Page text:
Within the new political framework, the EU is acting with more flexibility and sensitivity towards its partners, deploying its resources with more impact as regards the implementation of the key priorities. Flexibility in the use of EU funding (through the European Neighbourhood Instrument), has been increased through the use of Trust Funds to ensure a rapid delivery of financial assistance, through greater use of blending and of improved joint programming with Member States. Finally, through enhanced coordination with International Financial Institutions and the creation of a new flexibility cushion to allow rapid response to crisis situations and changing circumstances.
Progress in priority areas
The reviewed ENP has mobilised significant support to reforms in four priority areas: good governance, democracy, rule of law and human rights; economic development for stabilisation; security; migration and mobility.
With EU support, important steps have been taken by some partner countries to advance reforms on good governance, democracy, rule of law and human rights with extensive programmes on public administration reform and anti-corruption, on strengthening the judiciary, and on supporting human rights, as well as fostering a stronger civil society.
Boosting sustainable economic development is at the heart of the EU’s contribution to stabilising the neighbourhood and is crucial for developing partners’ resilience. Since the review, the EU has invested in structural reforms to improve competitiveness and the business environment, to boost trade, to support SMEs and to tailor education and skills to the needs of the real economy.
The ENP review significantly increased the policy’s focus on security issues, with a comprehensive approach to the security challenges in its neighbourhood. The EU has developed Security Sector Reform programmes both in the East and South, and taken forward important work on counter-terrorism and preventing violent extremism, while strengthening efforts on disrupting organised crime and on enhanced cooperation in the area of Common Security and Defence Policy (CSDP).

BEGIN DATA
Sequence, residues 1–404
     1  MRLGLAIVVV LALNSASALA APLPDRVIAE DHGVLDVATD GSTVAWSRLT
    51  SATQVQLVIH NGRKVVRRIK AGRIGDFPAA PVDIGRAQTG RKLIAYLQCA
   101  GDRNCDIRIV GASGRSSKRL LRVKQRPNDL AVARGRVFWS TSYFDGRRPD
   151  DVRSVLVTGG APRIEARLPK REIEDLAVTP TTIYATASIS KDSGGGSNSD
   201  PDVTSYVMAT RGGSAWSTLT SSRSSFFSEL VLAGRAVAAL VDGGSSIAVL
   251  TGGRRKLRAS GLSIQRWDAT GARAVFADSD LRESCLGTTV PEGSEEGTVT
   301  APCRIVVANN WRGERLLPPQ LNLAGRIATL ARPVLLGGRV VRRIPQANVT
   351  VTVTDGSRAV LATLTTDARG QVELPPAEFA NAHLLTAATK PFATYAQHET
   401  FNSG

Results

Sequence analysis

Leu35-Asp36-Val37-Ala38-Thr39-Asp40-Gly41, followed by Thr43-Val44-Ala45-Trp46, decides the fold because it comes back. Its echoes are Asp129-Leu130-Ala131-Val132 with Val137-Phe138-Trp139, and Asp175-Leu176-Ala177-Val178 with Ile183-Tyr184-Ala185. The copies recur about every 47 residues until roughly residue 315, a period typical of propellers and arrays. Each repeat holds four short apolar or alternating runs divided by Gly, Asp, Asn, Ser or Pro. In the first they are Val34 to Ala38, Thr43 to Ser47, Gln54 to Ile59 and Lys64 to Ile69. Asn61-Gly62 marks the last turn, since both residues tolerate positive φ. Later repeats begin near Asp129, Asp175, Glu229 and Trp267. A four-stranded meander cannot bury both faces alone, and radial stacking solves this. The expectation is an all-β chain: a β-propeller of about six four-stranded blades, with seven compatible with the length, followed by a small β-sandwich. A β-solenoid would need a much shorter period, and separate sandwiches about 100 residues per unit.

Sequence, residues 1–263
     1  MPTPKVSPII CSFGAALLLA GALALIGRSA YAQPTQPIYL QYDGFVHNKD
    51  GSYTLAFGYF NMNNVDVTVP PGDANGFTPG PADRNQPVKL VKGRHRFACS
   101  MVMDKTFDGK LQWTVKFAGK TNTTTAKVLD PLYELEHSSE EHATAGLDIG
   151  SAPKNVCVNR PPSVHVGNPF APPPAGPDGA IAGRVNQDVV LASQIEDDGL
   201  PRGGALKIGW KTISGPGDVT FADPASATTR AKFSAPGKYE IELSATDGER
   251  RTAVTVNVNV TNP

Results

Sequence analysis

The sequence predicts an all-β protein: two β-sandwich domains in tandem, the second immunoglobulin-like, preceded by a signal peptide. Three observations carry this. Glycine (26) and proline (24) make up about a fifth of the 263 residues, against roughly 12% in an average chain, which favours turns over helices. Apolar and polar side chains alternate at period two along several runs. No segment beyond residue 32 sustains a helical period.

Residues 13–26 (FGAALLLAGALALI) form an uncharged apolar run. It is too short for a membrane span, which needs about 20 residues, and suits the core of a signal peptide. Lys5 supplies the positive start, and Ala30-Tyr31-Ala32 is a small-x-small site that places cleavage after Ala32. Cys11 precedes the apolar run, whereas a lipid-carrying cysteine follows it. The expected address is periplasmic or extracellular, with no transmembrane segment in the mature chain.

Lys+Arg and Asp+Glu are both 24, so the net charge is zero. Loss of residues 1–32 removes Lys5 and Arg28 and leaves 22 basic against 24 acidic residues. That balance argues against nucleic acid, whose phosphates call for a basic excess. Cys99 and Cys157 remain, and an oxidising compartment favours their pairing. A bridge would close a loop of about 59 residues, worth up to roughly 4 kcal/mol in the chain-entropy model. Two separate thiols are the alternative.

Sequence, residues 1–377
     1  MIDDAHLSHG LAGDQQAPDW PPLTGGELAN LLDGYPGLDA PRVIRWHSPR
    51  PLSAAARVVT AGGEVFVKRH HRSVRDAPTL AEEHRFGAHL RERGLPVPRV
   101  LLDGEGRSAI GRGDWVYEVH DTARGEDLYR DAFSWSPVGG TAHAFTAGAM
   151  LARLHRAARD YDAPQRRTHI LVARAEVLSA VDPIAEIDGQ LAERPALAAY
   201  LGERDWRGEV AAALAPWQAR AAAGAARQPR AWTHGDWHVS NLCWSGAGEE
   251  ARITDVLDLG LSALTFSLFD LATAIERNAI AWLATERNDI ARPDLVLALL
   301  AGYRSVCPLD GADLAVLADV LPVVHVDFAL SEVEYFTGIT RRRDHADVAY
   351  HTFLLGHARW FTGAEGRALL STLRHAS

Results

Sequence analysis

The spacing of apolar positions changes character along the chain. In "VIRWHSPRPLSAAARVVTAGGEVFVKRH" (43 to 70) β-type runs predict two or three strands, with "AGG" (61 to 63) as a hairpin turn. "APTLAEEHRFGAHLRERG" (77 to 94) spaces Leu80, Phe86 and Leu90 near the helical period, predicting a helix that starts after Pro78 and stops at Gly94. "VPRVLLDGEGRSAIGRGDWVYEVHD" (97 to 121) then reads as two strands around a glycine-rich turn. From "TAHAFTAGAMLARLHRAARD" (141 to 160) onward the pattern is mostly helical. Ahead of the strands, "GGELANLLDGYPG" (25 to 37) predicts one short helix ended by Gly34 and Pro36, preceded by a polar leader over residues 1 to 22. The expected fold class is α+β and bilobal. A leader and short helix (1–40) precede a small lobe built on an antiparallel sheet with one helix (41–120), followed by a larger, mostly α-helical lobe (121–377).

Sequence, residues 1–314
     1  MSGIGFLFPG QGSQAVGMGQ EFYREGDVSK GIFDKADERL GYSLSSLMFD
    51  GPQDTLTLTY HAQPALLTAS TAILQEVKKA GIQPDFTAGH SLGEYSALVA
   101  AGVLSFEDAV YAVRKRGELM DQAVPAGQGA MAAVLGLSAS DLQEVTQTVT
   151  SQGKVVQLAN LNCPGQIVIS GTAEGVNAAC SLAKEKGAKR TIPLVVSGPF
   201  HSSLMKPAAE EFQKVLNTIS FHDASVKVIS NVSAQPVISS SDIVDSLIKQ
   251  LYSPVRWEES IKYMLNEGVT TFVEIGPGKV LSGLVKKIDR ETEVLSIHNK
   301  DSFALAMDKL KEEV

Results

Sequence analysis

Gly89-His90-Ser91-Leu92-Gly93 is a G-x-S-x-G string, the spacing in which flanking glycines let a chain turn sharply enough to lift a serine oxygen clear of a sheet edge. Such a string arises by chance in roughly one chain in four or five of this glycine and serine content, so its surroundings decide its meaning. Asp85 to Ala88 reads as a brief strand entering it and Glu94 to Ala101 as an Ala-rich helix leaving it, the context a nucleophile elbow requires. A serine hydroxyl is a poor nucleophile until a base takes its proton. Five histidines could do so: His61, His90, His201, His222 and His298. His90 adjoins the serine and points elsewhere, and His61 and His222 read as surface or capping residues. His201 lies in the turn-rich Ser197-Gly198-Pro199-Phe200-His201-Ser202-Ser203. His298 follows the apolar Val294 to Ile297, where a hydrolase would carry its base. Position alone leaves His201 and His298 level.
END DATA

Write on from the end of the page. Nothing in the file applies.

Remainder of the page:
The challenges of the refugee crisis and irregular migration remain high on the political agenda and have been a key aspect of the EU’s work with its neighbouring countries. The comprehensive approach put in place by the EU encompasses efforts to address the root causes of migration in order to reduce irregular migration, to promote legal migration and mobility and to effectively manage borders while safeguarding the right of EU citizens to free movement within the EU.
The European Neighbourhood Policy (ENP) was reviewed in 2015 to respond to the new challenges of an evolving neighbourhood. The review – proposed by European Commission President Jean-Claude Juncker in 2014 and welcomed by EU Member States – was subject to a wide public consultation prior to its publication in November 2015. The outcome of the review was a revised policy based on the principles of differentiation, flexibility and ownership under the overarching objective of stabilisation.
The Joint report adopted today is the first neighbourhood-wide report that is published by the EU as a standalone document, without a set of individual country reports. The aim of this new report style is to provide a broad overview on developments and trends in the neighbourhood. Country-specific reports are now adopted and published separately: they are timed to provide the basis for political exchanges in the run-up to meetings of the Association Council or similar high-level events held with respective partners.